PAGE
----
ST. LOUIS, Mo. — After dominating at the regional level, dirt track racer Derek Losh and his modified racing team will see how they stack up nationally next month.

Losh, who won 17 of 28 races entered this summer to capture a modified championship, has been invited to race at the annual Gateway Dirt Nationals at The Dome at America’s Center in St. Louis, Missouri. The three-day event begins with preliminary racing on Nov. 29, with finals set for Dec. 1.

It is an invitational-only event, meaning Losh and his crew are one of 50-60 modified dirt track teams to get a chance to race in The Dome.

“You have to qualify into the main event,” Losh said. “The best 20, 24 guys will race in the main event. There is $10,000 in prize money to the winner.”

Losh raced his No. 21 car at various tracks this summer, including Kokomo, Fairbury, Illinois, and Montpelier, Indiana. He had his greatest success at Plymouth (Indiana) Speedway where he was points leader in his division to win a championship.

“We ran 28 nights, had 17 wins total and eight to 10 top five finishes,” said Losh, a 2005 Rensselaer Central High School graduate who obtained a mechanical engineering degree from Indiana State University. “The worst we did was a seventh-place finish the first night out. This is the most dominant we’ve ever been.”

A busy work schedule and poor weather kept Losh to just 28 races. He has competed in over 30 races in the past. Drivers need at least 35 races to contend for a national ranking.

“Some guys do 35 to 120 nights a year,” he said. “There are a few that do it as a profession. We just like to do it for fun.”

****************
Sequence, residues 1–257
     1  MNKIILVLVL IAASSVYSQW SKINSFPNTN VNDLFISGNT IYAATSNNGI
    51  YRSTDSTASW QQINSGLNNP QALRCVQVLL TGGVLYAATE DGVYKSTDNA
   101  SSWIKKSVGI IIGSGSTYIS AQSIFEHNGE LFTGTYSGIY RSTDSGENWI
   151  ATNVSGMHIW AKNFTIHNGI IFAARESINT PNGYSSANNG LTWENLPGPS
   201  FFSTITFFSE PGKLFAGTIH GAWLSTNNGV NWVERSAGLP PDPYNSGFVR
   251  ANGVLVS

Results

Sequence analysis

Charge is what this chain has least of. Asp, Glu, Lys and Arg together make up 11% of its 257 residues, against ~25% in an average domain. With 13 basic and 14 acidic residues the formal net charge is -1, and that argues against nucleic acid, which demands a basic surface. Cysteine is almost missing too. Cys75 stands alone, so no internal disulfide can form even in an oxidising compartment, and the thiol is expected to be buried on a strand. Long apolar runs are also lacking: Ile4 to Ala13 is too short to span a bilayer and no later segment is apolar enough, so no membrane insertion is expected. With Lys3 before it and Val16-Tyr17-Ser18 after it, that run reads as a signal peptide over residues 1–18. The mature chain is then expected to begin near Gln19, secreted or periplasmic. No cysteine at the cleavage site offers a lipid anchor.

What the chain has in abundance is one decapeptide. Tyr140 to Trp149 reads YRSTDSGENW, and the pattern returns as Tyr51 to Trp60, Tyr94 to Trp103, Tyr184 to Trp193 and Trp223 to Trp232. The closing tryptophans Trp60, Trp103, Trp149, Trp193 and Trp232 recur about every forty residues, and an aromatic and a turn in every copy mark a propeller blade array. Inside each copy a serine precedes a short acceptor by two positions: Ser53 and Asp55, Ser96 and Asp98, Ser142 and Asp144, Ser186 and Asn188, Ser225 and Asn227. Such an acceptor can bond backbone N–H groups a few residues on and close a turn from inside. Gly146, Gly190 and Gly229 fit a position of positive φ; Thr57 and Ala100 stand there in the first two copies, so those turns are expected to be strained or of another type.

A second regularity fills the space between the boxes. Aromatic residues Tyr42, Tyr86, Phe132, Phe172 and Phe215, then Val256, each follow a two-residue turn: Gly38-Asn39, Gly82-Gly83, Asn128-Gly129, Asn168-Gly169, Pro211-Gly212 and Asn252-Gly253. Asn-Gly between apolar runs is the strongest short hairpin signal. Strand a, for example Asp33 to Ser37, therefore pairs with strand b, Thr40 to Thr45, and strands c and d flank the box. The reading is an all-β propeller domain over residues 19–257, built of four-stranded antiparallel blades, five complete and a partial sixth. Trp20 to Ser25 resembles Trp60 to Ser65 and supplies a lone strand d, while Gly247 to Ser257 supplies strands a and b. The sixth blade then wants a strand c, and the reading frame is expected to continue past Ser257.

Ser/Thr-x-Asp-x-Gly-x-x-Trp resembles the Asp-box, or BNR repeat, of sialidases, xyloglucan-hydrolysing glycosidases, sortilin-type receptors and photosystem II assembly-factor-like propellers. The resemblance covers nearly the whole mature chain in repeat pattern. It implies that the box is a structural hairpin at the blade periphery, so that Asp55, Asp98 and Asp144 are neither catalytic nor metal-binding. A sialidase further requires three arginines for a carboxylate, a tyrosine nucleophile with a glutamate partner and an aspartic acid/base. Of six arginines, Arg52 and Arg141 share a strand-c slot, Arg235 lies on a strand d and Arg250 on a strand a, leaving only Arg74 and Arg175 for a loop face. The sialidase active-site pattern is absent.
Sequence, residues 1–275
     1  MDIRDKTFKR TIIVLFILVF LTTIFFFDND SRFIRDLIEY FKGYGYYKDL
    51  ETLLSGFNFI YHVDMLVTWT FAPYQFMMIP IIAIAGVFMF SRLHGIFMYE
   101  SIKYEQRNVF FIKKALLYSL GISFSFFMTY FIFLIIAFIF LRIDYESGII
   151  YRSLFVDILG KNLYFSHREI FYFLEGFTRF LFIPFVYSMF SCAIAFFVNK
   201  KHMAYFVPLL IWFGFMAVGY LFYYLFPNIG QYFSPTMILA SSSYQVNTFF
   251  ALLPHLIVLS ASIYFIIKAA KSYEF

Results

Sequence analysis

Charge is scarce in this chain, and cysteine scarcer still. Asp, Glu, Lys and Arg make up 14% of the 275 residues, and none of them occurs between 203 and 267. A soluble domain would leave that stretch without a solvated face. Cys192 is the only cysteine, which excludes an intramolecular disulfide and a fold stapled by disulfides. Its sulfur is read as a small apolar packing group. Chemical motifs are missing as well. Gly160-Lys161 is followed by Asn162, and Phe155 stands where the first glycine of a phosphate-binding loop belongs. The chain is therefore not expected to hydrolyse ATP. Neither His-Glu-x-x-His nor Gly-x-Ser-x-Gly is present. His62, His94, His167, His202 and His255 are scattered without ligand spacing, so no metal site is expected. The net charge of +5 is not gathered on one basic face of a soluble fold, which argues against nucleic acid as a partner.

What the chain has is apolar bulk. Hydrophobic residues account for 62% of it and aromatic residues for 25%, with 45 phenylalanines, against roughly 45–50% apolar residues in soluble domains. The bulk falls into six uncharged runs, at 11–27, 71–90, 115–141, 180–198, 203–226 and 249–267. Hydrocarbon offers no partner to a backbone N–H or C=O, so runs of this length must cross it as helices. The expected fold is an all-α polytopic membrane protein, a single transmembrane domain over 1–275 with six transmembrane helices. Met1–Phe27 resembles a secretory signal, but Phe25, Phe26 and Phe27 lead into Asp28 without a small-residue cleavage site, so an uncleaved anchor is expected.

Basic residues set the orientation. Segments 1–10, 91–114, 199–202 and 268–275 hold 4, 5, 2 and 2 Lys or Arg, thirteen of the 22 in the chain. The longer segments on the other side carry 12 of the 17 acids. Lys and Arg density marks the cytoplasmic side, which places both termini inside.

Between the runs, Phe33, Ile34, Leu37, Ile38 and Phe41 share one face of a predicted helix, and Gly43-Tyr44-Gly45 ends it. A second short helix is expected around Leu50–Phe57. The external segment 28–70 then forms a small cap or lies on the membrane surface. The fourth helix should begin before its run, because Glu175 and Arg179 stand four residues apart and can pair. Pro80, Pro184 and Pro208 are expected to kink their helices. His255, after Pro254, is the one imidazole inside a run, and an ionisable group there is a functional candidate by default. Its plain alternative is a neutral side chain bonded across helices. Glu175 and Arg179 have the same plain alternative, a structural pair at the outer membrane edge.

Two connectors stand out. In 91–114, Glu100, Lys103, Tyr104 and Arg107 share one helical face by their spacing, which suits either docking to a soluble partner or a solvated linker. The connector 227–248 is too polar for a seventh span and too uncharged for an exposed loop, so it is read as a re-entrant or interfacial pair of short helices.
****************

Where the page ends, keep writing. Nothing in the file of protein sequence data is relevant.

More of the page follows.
Losh, 32, first began racing as an 11-year-old at midget races in Kokomo and Indianapolis. He continued to race into high school and later as a college student.

For the past three years, he has worked a sales manager in the Great Lakes region for Talbert Manufacturing in Rensselaer. In the summer, it’s common for him to travel out of state to make a sale for his company then work the weekends getting his car ready for races.

He and his crew took a year off to get refreshed for a new racing season a few years ago. When he returned to the track, he made a decision that ultimately gave him a chance to compete.

“We’ve kind of been lacking in equipment the last couple of years,” Losh said. “We had been building our own race cars, and we had good success with that. But then we got a new chassis, new engine packages, and we had a company that pointed us in the right direction.”

Now equipped with a car that doesn’t rely on a lot of tinkering to perform as it should, Losh and his team found themselves in the winner’s circle on many more occasions this year.

Losh Racing sponsors included Mullins, Superior Sales and Service in Rensselaer and Rensselaer Iron and Metal, among others.

As points leader at Plymouth, Losh won cash prizes, trophies and a free cruise.

“The cost didn’t really change much for me,” he said. “It’s just a matter that the tech has come so far now and everything got so sophisticated that you need factory support to compete at this level.”

Losh hopes his 21 years of racing knowledge and a high-performance car will give him one of those 20-25 main event spots at this year’s Gateway Race Nationals.

“We’re going to go and see what we can do,” he said. “We feel like we have a good car that will give us a chance to compete against other really good drivers.”